Follow Voicebox on Twitter Follow Voicebox on Facebook
Follow Voicebox on Facebook

Translating Bob

October 13, 2009

paula.jpegOne of the least satisfying musical experiences I think I've ever had was catching Bob Dylan at the Greek Theatre in Berkeley in 2002. This is really saying something as the combination of Great Bob and the Greek ought to have been a recipe for perfection. But the singer sadly failed to deliver. He played the piano badly, slurred and bleated his words more than I've ever heard him do previously and generally made every song sound unintelligible. My friend and I spent the entire gig playing a game of "guess which famous Bob Dylan song the singer is singing right now?" More often than not, we couldn't make out the titles of his most beloved hits until the songs were halfway through.

So it was rather a relief to attend the great jazz singer Paula West's latest San Francisco Performances concert at the Herbst Theatre in San Francisco over the weekend and hear Dylan's lyrics and melodies come through loud and clear. West often includes a couple of Dylan songs in her sets. Her interpretations feel startlingly fresh even though she sticks quite strongly to Dylan's way of doing things -- you won't catch her attempting any over the top jazzy embellishments.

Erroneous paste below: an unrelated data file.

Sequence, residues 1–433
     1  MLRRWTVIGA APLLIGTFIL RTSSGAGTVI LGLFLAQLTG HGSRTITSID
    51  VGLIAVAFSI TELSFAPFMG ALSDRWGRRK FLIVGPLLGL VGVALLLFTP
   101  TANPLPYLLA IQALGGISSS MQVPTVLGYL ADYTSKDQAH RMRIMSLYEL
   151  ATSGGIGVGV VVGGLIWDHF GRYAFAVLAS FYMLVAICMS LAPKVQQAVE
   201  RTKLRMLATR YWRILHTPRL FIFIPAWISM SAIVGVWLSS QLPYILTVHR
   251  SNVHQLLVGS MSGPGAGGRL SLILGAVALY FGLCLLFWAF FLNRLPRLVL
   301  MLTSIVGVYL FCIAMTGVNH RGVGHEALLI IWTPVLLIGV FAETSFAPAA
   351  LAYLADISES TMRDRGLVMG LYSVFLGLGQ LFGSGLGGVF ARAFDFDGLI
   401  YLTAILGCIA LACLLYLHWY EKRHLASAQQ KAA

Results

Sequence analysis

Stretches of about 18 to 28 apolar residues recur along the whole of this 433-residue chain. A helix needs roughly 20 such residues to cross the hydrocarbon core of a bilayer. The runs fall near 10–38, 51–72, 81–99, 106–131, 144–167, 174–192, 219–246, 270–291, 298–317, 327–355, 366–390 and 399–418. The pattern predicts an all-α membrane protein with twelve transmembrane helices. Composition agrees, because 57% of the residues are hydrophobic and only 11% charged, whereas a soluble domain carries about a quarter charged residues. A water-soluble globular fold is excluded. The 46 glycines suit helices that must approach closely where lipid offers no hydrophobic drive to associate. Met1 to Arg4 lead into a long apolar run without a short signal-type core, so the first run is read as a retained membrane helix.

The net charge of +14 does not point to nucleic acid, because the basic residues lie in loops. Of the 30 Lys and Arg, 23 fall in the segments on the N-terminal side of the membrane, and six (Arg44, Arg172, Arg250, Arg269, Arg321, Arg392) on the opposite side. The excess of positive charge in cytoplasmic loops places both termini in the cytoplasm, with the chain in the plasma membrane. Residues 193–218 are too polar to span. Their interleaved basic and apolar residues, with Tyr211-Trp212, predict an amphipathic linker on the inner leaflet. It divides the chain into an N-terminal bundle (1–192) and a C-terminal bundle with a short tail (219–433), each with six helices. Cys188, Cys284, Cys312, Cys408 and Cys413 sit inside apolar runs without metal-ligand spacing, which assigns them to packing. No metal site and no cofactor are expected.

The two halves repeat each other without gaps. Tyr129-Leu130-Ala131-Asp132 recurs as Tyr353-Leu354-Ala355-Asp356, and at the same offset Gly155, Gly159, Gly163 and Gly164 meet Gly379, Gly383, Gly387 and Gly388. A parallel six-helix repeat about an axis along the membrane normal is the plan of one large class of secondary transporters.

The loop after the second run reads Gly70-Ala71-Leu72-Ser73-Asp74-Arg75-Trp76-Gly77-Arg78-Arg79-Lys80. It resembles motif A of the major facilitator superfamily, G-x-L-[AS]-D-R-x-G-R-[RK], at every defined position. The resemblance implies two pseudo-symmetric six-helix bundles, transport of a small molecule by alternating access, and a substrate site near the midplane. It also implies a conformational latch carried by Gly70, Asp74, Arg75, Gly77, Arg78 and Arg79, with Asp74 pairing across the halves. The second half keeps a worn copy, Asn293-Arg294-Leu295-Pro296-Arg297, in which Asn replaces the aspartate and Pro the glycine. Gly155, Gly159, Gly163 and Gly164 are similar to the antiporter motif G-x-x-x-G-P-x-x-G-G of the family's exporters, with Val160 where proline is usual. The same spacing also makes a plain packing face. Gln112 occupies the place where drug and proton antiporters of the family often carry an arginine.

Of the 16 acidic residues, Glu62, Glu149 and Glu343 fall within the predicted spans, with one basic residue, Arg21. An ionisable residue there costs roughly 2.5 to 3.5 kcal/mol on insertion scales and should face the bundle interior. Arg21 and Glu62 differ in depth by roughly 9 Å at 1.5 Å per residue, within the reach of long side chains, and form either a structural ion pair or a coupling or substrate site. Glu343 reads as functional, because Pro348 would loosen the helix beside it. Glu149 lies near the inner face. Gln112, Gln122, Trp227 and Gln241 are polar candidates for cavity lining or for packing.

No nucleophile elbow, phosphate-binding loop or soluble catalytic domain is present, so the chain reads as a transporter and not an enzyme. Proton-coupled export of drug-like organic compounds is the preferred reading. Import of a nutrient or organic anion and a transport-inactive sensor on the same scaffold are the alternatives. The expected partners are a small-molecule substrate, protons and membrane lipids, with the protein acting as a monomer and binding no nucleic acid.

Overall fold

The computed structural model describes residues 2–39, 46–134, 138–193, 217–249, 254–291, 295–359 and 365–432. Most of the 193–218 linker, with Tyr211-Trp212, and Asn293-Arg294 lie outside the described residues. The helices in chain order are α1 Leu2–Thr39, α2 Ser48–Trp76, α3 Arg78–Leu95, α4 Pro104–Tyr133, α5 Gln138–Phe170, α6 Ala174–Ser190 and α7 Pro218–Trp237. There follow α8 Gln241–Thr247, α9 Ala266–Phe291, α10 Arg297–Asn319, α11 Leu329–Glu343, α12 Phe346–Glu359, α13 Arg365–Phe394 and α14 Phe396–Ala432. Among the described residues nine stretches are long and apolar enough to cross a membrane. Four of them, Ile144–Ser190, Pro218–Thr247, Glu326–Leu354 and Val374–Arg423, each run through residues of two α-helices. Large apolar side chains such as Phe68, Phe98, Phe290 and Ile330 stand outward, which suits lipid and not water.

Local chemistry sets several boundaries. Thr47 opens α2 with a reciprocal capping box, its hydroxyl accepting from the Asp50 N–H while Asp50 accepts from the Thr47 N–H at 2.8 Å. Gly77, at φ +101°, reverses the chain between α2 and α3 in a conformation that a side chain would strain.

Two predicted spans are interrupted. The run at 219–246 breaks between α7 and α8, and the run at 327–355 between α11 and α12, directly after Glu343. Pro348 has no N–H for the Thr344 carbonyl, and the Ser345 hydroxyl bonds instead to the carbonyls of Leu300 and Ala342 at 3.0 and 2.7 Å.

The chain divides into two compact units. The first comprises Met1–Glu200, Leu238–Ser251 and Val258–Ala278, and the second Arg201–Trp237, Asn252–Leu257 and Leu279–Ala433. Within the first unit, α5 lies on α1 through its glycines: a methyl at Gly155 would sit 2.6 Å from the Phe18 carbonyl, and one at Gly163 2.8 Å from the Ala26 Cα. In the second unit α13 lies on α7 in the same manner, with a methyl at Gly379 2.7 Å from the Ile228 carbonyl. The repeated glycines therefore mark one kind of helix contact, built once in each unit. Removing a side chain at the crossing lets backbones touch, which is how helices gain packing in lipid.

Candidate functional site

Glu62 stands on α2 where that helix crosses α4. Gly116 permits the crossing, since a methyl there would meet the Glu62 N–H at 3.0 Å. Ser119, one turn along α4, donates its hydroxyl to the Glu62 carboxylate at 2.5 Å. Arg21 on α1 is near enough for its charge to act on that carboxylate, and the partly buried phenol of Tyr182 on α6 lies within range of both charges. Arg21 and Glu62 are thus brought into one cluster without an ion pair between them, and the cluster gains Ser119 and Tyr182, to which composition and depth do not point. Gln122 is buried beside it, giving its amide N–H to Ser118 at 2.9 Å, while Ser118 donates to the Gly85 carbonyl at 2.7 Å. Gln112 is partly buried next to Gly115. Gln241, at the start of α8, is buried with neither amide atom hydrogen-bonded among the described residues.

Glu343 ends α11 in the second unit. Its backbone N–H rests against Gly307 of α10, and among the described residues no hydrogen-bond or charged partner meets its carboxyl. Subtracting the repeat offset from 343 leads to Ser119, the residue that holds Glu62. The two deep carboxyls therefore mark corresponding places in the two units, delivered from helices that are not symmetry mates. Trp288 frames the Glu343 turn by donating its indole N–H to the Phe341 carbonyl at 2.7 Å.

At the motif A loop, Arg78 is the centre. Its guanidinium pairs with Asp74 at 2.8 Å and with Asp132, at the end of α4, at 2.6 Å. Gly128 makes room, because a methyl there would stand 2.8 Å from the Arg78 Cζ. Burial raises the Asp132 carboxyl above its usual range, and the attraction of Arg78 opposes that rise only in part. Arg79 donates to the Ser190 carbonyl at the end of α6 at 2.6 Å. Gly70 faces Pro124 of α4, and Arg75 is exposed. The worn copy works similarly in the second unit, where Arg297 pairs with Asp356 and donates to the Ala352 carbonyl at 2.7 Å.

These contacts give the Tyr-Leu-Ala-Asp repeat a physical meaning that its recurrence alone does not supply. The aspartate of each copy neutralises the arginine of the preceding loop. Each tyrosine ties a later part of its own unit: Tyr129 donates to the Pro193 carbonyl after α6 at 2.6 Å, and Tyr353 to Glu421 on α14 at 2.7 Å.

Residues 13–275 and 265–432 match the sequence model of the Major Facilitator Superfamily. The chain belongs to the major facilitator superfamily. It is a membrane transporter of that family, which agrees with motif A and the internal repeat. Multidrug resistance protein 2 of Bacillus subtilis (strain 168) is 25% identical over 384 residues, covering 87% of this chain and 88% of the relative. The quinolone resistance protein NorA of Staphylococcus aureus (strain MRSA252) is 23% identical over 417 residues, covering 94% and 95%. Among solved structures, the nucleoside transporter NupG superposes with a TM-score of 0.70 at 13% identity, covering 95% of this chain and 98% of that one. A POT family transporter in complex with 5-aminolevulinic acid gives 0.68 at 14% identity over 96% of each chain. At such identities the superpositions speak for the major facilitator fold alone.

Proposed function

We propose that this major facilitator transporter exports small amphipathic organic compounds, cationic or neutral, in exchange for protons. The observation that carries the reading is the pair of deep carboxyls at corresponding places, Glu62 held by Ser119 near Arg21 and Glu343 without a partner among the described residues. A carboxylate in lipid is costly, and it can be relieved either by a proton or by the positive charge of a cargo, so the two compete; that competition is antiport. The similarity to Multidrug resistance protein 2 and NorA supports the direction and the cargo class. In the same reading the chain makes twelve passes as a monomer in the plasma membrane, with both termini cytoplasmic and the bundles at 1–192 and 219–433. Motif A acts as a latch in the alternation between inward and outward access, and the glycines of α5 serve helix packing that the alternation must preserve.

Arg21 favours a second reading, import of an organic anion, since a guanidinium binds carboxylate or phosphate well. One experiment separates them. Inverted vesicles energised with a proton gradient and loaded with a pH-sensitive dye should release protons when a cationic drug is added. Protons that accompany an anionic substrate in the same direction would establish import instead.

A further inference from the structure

The main transformation that occurs when you hear the warm-granite-voiced West do Dylan is in the lyrics: You can actually understand every word that Dylan wrote, which is more than can be said of the auteur's own performances of his songs. As West stood up on stage singing "LIke A Rolling Stone" alongside the rapturous George Mesterhazy Quartet, the song span around me in a way that was completely unlike any interpretation I'd heard before. For the first time ever, I heard fallen gods and descending night in Dylan's music:

Princess on the steeple and all the pretty people
They're drinkin', thinkin' that they got it made
Exchanging all kinds of precious gifts and things
But you'd better lift your diamond ring, you'd better pawn it babe
You used to be so amused
At Napoleon in rags and the language that he used
Go to him now, he calls you, you can't refuse
When you got nothing, you got nothing to lose
You're invisible now, you got no secrets to conceal.


Post a Comment

<< Home